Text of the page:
Disasters — whether in the form of hurricanes, wildfires or a global pandemic — can cause significant disruption and change lives in ways large and small. We’ve all witnessed recent examples.

Studying past disasters reveals those who emerge strongest on the other side have often incorporated sustainability on two levels. First, they sustain the organizations that fund, operate and maintain infrastructure. This can be accomplished by applying organizational resilience principles to function as a higher reliability organization (HRO).

While there is plenty of literature on HRO, it boils down to an organization’s ability to anticipate and adapt to incremental and sudden changes to continue operating over a long period of time. The leaders of these organizations need to think through ways in which a disaster might impact them and take proactive steps to plan for and prevent possible disruption.

Setting up preventive controls is the first step to becoming an HRO. For a hospital, that could mean a backup emergency power supply, among other things. A coastal city in a hurricane-prone region might develop and practice emergency evacuation and communication plans. Going a step further, these communication plans need to promote effective use of language and deference to expertise by empowering those on the front line to make decisions.

Another aspect of organizational resilience is finding new solutions that allow one to grow and prosper. Instead of just bouncing back, HROs can bounce forward, exploring or developing new markets and technologies. In the current pandemic, for example, medical professionals and school districts have quickly pivoted to use technologies that support telemedicine and remote learning. Wholesale food companies have adjusted their supply chains to sell directly to consumers.

The second level at which sustainability can be incorporated to increase resiliency to disaster is through sustainable infrastructure practices, starting in the conceptual planning phase. The ability to survive earthquakes, storms and other disruptions, as it turns out, is a key component of sustainability.

Perhaps the best illustration of this is a simple one. Consider a city that encourages its residents to use sustainable practices, like biking to work and participating in community gardens. Both practices not only make the community greener but also more resilient to disasters. The cargo bikes found in sustainable communities can be enlisted in disaster responses, should fuel supplies to a city be cut off. Similarly, community gardens can provide a source of food.

A building that is designed to withstand a hurricane or earthquake, likewise, is more sustainable over its life cycle than one that is not. When you consider how costly quake or storm damage can be to a structure and the carbon emissions associated with its reconstruction, a sustainable structure is better for the environment as well. In fact, the U.S. Green Building Council's Leadership in Energy and Environmental Design (LEED) program is piloting an Assessment and Planning for Resilience credit program that aims to make disaster resilience a component of LEED accreditation. An Envision Sustainability Professional (ENV SP) certification — which is similar to LEED but geared toward horizontal infrastructure projects as opposed to vertical (building) construction — includes a credit to projects that prepare for long-term adaptability to the consequences of climate change.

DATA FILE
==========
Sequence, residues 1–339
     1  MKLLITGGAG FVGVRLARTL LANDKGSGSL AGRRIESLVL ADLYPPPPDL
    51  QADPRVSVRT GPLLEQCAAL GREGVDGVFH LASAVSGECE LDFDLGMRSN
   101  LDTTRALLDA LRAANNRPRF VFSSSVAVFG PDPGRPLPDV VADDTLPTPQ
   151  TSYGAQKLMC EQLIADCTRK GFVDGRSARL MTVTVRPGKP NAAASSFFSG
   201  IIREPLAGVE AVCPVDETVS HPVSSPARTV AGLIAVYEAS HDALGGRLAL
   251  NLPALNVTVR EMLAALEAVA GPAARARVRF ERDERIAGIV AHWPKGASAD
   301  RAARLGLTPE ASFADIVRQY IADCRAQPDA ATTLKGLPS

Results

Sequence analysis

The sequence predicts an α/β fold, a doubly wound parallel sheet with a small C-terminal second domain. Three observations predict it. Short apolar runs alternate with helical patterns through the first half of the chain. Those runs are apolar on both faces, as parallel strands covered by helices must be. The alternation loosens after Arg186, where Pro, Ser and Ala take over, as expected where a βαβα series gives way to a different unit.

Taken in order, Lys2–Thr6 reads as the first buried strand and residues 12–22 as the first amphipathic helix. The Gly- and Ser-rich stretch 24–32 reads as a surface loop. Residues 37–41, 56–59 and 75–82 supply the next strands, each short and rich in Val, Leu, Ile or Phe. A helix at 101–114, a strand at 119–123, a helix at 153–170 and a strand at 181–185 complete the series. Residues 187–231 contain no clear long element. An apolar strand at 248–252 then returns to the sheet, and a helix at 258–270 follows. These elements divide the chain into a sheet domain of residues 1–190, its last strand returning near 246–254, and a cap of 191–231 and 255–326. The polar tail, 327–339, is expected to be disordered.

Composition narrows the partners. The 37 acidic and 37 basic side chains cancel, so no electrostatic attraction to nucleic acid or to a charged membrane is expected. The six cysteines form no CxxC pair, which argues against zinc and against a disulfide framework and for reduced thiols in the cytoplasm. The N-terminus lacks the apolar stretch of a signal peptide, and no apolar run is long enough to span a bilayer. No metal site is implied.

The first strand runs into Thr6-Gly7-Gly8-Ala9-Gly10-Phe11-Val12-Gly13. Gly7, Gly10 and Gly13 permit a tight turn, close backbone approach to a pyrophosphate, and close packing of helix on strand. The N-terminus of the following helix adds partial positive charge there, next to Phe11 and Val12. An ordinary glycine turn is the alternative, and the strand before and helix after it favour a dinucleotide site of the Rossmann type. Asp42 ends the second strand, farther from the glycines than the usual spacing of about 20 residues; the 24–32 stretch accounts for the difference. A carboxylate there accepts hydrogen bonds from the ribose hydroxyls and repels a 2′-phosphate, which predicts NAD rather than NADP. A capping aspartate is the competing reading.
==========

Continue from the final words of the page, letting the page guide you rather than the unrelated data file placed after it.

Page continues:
The relationship between sustainable design and disaster resilience extends to infrastructure as well. Sewage spills caused by a major weather event can leave environmental damage in their wake. However, a municipal wastewater utility that already utilizes best management practices to limit stormwater runoff can quickly react and apply those practices to prevent sewer overflows and spills. Similarly, broken gas lines and generator use following an earthquake come at an environmental cost that might be saved if gas and power lines were more sustainable.

Where to Begin

Businesses, government agencies and cities alike now have a fresh reason to update their disaster preparedness plans. Now is the time to strategize ways to rebuild a more resilient and sustainable enterprise by taking stock of what is and isn’t working in the community and developing innovative solutions. Going through the exercise now might help prepare for when the next disaster strikes.

The goal isn't just to make a particular building or piece of infrastructure more resilient. It is to create resilient communities that have prepared for disaster, allowing them to adapt quickly to disruption and remain operational. Plans for the future should aspire to make our world more sustainable, whether faced with a major disaster or not.


Communities that use sustainable infrastructure practices can adapt quickly to disruption and remain operational. Learn more about strategies to make existing infrastructure more resilient. 

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Tara Krahe, an environmental engineer at Burns & McDonnell, has experience in a wide range of environmental management and civil engineering projects. Her work primarily focuses on operation and maintenance of remediation systems at sites with petroleum hydrocarbons and chlorinated solvents, preparation of engineering plans and reports, and regulatory compliance (air, hazardous materials, stormwater and California Environmental Quality Act).